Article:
"Striving to silence the noise through recreating who you used to be is not true to who you are now, and thus doesn’t service that individual."
When a marriage comes to an end, it’s rarely simple. There are assets to divide, new homes to create, legal aspects to sort through, so much more. It creates a lot of necessary noise within one’s life, and unhealthy anxiety can surface, forcing the peace of one’s mind to be buried underneath the noise of divorce.
The sense of loss suffered from the end of a marriage can be traumatic; equally as traumatic as losing half of your assets in a knockout, drag-out fight in court. And if children are involved, their lives are being torn in two, with you, as their parent, left to either comfort them over the loss of a parent in their familial home or left to follow a child custody agreement schedule and the right to first refusal clause that you managed to include in the accord.
All of this is enough for stress and anxiety to manifest itself, creating a need to shut down for a while and focus on one’s self, and for someone in that situation, it is important to do so. Taking time to mourn is one of the first steps in helping yourself move on after a divorce, according to Psychology Today.
One aspect of that is seeking support, whether that is a therapist, support group, friends, or family. You should not be alone to listen to the chaotic noise of the situation. Speaking with others helps quiet the sound.
Of course, this does not negate the noise that erupts when you leave the parking lot of the therapist’s office and your ex-spouse is calling, bringing the noise back once again. This also can occur when people who are simply looking to help you and support you through this difficult situation.
Whether it your lawyer, your parents, your friends, your relatives, or just your landlord wondering why only half of the rent was paid, the stress from this experience is not something that is going to end right away, and there is no quick fix. As difficult as it may be, admitting that concept can be an early step in creating a new normal.
Admittance and acceptance
A marriage happened. As much as you may dislike you ex-spouse and as much as you may struggle with the experience, there’s no changing that fact. While it may seem like a good idea to strive for the romantic idea of recreating your single life before your marriage, the noise of marriage and divorce will inevitably arise, causing all of the feelings, good and bad, to surface.
Marriage can often create different people, and that shouldn’t be a bad thing, as a divorced individual looks to build a new life for themselves. Striving to silence the noise through recreating who you used to be is not true to who you are now, and thus doesn’t service that individual.
Contrary to the doom and gloom that the experience of divorce may cause, the noise of the situation will become more manageable as time passes. According to The Huffington Post, there may be rough days now and again, but they won’t become your normal outlook for long. You need to move on for yourself, and if it isn’t for yourself, then for your children, if you have them.
They need a parent that can engage with their excitement and energy and create the memories of their childhood that they deserve. They need the stability of a parent whose outlook isn’t cluttered by the noise of a messy divorce.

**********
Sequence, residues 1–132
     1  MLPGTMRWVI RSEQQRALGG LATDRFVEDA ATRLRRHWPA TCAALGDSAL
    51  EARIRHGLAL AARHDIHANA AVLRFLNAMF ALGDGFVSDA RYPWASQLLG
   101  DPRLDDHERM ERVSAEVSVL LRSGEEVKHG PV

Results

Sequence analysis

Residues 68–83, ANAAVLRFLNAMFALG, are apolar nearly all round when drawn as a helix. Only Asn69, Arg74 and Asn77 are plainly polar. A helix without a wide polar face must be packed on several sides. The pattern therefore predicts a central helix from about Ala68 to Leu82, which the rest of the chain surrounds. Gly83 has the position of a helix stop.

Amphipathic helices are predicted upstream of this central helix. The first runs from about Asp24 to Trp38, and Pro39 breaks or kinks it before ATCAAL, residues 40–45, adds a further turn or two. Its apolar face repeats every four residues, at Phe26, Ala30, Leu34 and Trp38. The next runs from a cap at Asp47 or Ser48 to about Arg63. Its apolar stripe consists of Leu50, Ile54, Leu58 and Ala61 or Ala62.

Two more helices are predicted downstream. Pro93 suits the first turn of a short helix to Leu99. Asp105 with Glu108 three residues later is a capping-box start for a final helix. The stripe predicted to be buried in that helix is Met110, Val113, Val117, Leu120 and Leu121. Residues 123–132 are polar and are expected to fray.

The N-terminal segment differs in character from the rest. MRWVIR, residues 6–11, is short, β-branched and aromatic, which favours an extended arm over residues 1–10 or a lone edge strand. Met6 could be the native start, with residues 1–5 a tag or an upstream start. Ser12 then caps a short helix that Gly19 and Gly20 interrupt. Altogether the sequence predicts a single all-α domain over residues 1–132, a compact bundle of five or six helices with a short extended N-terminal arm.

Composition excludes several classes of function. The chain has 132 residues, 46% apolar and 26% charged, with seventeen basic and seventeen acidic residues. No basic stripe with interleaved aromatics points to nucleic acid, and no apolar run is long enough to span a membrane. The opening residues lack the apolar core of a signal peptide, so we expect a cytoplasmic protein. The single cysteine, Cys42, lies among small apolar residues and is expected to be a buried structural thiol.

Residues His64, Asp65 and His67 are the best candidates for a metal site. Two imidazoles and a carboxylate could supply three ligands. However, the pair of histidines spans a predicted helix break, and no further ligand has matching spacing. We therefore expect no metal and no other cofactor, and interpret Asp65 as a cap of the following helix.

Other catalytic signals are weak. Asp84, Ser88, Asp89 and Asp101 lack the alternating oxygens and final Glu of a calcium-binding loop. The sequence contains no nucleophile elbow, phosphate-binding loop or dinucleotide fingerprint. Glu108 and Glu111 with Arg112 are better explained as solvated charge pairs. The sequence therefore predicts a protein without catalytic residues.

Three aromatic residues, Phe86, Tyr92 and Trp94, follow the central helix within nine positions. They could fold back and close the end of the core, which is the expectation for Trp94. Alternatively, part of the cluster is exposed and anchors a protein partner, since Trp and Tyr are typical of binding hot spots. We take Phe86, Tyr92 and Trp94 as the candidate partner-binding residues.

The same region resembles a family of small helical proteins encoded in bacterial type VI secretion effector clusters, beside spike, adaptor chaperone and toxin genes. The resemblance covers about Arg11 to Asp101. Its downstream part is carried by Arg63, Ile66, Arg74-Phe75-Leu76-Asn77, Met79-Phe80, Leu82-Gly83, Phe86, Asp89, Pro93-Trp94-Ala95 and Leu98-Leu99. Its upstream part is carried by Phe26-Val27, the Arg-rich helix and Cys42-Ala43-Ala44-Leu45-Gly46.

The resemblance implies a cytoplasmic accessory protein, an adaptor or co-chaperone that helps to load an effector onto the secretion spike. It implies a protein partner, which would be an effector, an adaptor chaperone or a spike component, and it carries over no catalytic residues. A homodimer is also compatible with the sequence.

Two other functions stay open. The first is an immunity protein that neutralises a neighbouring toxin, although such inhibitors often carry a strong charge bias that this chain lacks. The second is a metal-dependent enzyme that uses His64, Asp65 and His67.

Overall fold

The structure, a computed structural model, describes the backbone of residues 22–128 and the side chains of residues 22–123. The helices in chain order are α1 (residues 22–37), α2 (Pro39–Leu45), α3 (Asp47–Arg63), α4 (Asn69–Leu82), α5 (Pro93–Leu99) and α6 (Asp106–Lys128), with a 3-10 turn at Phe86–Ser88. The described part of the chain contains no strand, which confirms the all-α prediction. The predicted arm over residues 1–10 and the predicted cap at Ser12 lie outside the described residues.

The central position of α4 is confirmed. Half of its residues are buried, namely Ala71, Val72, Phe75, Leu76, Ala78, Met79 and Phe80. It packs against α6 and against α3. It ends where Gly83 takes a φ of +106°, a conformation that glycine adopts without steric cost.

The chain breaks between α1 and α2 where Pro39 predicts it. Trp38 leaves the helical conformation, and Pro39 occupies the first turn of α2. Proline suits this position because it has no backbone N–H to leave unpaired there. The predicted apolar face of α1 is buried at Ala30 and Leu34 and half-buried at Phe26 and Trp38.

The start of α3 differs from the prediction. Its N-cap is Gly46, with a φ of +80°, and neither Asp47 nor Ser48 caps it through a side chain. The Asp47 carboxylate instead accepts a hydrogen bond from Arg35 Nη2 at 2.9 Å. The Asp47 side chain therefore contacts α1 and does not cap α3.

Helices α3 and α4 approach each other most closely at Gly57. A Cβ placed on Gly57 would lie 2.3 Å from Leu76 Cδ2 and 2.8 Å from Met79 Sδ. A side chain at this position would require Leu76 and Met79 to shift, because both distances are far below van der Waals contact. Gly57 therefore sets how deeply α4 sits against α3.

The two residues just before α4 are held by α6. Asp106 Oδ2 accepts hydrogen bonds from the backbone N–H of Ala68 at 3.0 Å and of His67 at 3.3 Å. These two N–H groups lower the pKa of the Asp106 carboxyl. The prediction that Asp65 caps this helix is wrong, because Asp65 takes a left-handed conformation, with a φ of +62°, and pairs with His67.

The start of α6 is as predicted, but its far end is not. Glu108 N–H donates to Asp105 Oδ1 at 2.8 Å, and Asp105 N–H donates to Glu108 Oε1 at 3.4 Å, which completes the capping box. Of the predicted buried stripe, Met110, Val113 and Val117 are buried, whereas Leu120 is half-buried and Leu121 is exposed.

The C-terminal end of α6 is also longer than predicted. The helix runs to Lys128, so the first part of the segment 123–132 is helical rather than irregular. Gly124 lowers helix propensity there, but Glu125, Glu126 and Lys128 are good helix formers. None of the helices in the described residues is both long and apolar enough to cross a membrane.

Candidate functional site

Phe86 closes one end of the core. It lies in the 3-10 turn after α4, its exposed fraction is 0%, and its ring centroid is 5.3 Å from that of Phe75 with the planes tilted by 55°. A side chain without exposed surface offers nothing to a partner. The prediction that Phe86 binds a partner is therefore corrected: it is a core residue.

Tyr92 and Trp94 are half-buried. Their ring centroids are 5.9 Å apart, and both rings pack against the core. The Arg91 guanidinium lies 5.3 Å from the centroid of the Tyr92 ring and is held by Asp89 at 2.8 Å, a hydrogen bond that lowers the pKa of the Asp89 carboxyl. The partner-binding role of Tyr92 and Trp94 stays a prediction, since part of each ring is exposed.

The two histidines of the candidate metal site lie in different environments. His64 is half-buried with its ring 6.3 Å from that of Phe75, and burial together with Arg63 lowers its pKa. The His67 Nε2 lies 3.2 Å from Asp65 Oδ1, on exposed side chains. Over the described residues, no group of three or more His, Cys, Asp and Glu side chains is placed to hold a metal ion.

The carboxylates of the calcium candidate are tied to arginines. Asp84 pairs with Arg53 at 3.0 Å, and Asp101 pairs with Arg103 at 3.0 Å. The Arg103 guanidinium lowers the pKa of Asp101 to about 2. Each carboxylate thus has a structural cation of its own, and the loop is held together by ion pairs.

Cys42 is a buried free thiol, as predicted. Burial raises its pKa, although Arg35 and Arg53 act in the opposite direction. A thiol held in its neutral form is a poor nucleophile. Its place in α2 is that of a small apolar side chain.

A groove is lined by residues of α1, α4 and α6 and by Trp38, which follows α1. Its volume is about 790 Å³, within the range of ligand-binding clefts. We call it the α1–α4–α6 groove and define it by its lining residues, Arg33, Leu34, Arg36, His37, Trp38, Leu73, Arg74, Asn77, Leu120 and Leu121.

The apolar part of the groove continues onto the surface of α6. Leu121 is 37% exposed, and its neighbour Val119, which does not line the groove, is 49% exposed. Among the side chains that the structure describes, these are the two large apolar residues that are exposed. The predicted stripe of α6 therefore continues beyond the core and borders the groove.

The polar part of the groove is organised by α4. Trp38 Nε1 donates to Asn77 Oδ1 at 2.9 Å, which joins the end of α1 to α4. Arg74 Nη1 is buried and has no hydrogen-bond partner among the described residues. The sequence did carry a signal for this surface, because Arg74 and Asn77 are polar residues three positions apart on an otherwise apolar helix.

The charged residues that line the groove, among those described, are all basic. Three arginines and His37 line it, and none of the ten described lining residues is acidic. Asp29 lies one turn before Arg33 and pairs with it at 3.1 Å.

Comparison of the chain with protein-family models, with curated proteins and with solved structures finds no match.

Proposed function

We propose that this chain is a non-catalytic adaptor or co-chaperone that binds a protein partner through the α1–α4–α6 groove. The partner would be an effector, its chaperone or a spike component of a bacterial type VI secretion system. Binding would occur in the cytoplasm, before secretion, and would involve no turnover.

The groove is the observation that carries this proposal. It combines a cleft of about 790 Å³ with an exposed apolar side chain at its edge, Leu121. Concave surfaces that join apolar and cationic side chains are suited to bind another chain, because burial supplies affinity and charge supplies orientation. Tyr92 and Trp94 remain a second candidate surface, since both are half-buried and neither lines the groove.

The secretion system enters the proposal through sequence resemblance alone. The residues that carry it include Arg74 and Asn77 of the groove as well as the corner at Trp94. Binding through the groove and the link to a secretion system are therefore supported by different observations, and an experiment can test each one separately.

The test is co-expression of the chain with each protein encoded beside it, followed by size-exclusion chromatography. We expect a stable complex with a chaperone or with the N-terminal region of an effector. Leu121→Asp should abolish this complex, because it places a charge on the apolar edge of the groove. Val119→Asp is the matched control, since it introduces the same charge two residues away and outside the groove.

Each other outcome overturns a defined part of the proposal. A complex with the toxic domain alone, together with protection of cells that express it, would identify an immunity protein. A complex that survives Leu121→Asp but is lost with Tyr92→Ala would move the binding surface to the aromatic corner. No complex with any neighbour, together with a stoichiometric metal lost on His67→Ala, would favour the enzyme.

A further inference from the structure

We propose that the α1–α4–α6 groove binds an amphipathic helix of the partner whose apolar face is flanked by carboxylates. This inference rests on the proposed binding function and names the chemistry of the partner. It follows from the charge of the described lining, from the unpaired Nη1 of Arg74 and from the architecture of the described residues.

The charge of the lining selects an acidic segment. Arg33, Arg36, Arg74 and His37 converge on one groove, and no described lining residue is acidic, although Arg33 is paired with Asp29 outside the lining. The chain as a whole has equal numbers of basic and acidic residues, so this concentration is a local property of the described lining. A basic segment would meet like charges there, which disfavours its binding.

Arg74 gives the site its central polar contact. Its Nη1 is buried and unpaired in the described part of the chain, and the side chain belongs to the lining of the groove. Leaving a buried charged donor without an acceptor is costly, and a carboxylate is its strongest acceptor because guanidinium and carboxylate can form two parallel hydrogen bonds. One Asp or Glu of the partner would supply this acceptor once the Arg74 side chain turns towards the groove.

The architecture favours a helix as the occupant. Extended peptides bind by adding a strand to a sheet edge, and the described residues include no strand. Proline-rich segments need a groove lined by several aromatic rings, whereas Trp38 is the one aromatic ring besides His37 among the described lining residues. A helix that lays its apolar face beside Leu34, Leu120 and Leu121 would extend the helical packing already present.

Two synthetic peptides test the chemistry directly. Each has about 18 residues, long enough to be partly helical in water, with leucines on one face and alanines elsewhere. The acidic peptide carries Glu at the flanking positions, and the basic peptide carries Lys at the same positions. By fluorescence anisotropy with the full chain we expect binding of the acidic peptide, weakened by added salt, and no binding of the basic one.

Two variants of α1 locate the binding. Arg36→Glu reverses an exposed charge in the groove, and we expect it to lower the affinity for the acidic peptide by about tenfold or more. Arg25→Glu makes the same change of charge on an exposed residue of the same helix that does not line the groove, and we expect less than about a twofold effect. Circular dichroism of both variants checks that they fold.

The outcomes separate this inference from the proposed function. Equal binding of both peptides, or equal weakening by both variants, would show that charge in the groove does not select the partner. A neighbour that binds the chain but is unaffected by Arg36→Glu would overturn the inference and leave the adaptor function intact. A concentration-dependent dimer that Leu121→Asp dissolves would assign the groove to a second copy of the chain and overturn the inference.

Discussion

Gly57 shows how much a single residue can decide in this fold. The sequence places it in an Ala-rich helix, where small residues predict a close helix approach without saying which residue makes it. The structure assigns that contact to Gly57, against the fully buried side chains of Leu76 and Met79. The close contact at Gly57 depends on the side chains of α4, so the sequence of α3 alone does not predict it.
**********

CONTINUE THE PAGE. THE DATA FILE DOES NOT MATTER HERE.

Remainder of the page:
The benefits of time
Day by day, the noise of the experience will become more controllable, until the dull roar of divorce will be superseded by the acceptance of reality. The noise will no longer be as crippling, and by that point, hopefully, your life will be filled with other things to focus on.
While it’s important to understand the emotions of the situation, you cannot let them leave you defenseless and vulnerable at all times. Before, during, and after a divorce, too much is at stake to be immersed in the noise at all times.
In addition, what you fight for during a divorce is not all you will ever have. With so much being divided or coming to an end, there comes a point where creating something new in your life could be the distraction you need to drown out the sound.
Even if you can’t create something new right away, whether that be a new hobby that takes up your time, a new friendship to create a new normal, or even a new relationship, it’s important to remember that while the noise of divorce is a process to work through, it is one that will give way to a stronger and more mature individual, that will can take whatever noise is left.
Dan Pearce is an Online Editor for Lexicon, focusing on subjects related to the legal services of customers, Cordell & Cordell and Cordell Planning Partners. He has written countless pieces on MensDivorce.com, detailing the plight of men and fathers going through the divorce experience, as well as the issues seniors and their families experience throughout the estate planning journey on ElderCareLaw.com. Mr. Pearce has managed websites and helped create content, such as the Men’s Divorce Newsletter and the YouTube series, “Men’s Divorce Countdown.” He also has been a contributor on both the Men’s Divorce Podcast and ElderTalk with TuckerAllen.
Mr. Pearce assisted in fostering a Cordell Planning Partners practice area specific for Veterans, as they deal with the intricacies of their benefits while planning for the future. He also helped create the Cordell Planning Partners Resource Guide and the Cordell Planning Partners Guide to Alternative Residence Options, specific for seniors with questions regarding their needs and living arrangements.